Diocesan News

Year of Mercy: God’s mercy extended through Reconciliation

Story by S.L. Hansen

(SNR) - When Pope Francis announced the extraordinary Holy Year of Mercy, which he launched on the feast of the Immaculate Conception earlier this week, he stressed a focus on being reconciled to the Lord.

“Let us not forget that God forgives and God forgives always,” Pope Francis said during his announcement at St. Peter’s Basilica last April. “Let us never tire of asking for forgiveness.”

The Sacrament of Reconciliation is an excellent way to receive forgiveness from God.

“Our sinfulness is the big barrier that we put up between ourselves and God,” stated Father Douglas Dietrich, pastor of St. Mary Parish in downtown Lincoln. “This is the Church reminding us that we have to remove the barricades and let His mercy reach us.”

He stressed that a profound event takes place when Catholics avail themselves to the Sacrament of Reconciliation.

“There is something real that happens when a sin is confessed out loud, not merely pondered,” he said. “The barrier is lifted and grace flows.”

With that grace comes freedom from the nagging, habitual sins that are in danger of becoming too familiar to be noticed.

“Most of us struggle with one or two sins,” acknowledged Father Dietrich. “Grace is what finally helps us overcome them, and grace is given over time.”

For that reason, he said, it’s important to receive the Sacrament of Reconciliation often. He suggested once a month, even if one has only venial sins to confess.

“Why settle for less when you can get more, and the Church offers more, and God is always offering more?” he asked. “Those venial sins aren’t going to be with us in heaven. We can overcome them here, and it’s easier here with God’s grace than relying on what transpires in purgatory.”

Father Dietrich reasoned that staying away from confession is truly depriving oneself of healing and grace.

“We can’t underestimate the power of the spoken word,” he said. “The spoken word is how God chooses to change bread and wine into His Body and Blood. It’s powerful.”

He also assured anyone who has misgivings about going to confession that their sins will remain between them and God.

“Even if the priest were to know who was confessing — and that would be highly unlikely —we are bound under serious penalties to not reveal any sin,” Father Dietrich stressed. “I have never known a priest to take that lightly.”

Another issue that may cause hesitation is the fear of shocking or scandalizing the priest.

“You won’t,” Father Dietrich insisted with a kind smile. “We understand how sin manifests itself. God understands, too, and He guides us.”

Father Dietrich entered the Catholic Church in 1984, started seminary studies in 1990, and was ordained in 1996. He said a person can also take comfort in knowing that the priest hearing confessions has also recently received the Sacrament himself.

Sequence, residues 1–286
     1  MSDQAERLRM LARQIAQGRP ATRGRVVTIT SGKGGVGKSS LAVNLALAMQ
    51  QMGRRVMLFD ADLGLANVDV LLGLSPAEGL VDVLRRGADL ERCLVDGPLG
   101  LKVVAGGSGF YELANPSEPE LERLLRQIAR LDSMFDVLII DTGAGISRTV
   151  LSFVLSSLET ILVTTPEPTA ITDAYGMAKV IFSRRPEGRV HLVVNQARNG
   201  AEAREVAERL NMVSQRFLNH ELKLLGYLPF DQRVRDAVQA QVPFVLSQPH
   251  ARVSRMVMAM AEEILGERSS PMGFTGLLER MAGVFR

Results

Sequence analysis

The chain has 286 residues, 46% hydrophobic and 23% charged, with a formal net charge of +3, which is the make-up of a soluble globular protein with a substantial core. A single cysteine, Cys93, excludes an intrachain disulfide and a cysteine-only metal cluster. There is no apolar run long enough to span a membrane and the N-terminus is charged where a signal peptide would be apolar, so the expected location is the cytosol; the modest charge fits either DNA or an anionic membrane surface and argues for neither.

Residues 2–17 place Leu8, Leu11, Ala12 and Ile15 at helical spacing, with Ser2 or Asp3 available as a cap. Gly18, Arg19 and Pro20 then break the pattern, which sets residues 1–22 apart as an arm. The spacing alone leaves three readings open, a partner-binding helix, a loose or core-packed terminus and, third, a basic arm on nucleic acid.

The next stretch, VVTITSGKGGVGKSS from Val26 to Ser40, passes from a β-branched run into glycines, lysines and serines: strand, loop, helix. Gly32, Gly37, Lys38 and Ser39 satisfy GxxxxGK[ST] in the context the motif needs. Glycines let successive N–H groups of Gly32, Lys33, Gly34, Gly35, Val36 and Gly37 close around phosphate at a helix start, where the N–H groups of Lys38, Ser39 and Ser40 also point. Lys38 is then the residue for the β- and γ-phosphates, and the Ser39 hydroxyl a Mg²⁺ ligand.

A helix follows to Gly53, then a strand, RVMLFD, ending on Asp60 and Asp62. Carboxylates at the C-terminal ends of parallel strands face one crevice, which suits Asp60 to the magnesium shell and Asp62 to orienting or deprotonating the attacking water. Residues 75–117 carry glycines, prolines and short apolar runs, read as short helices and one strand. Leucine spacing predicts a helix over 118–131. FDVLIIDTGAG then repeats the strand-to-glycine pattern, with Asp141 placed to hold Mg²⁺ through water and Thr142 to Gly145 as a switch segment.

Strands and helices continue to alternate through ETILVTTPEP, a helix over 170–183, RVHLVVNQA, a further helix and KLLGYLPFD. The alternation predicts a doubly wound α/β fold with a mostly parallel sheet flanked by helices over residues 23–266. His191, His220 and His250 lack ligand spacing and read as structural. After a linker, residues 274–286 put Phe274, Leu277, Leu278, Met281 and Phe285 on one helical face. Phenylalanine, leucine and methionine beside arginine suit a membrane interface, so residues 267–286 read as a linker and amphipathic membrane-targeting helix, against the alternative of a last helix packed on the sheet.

“All the priests I know go very regularly and take the sacrament in our spiritual lives very seriously,” Father Dietrich said.

That, of course, doesn’t mean a priest won’t make a mistake in the confessional.

“God is using human beings to do His work and, sometimes you will have that bad experience,” Father Dietrich admitted. “But don’t let any bad experience in the past keep you from receiving absolution in the present.”

He encouraged anybody who hasn’t been to confession lately to push past fear or apprehension. Make a good examination of conscience using online resources, pamphlets available from your parish, or the Ten Commandments. Then choose a confession time and make yourself go.

“Once you are there, relax and know that God is in charge of His sacraments,” Father Dietrich recommended. “Let the peace flow to you, and the relief of knowing that you’re walking out of there in a state of grace. No matter what happens when you step out that door, you are good with God.”

He added, “The more you go, the easier it will get.”

Catholics in the Diocese of Lincoln are fortunate to have regular opportunities to receive this sacrament. In higher-population areas, such as Lincoln and Hastings, confessions are heard daily before Mass. But even in rural areas of the diocese, a person can receive the sacrament virtually any time, simply by making arrangements with a priest in one’s own parish, or one nearby.

Many parishes across the diocese offer additional confession times during Advent and Lent. All year long at St. Mary Parish in Lincoln, confessions are heard immediately prior to the 12:10 p.m. Mass, which is a great service to many downtown workers who can use their lunch hours to seek God’s mercy.

Laypersons can also expect more opportunities to receive the Sacrament of Reconciliation throughout the jubilee. There will be a “24 Hours for the Lord” event at the Cathedral of the Risen Christ with confessions heard around the clock (as in Lent 2015), as well as more modest versions in other parts of the diocese. Check your parish bulletin and the Southern Nebraska Register for exact times and dates throughout the year.

Father Dietrich encouraged people to get into the habit of regular confession during the jubilee.

“God’s mercy is always there. He always wants to extend it,” he stressed.

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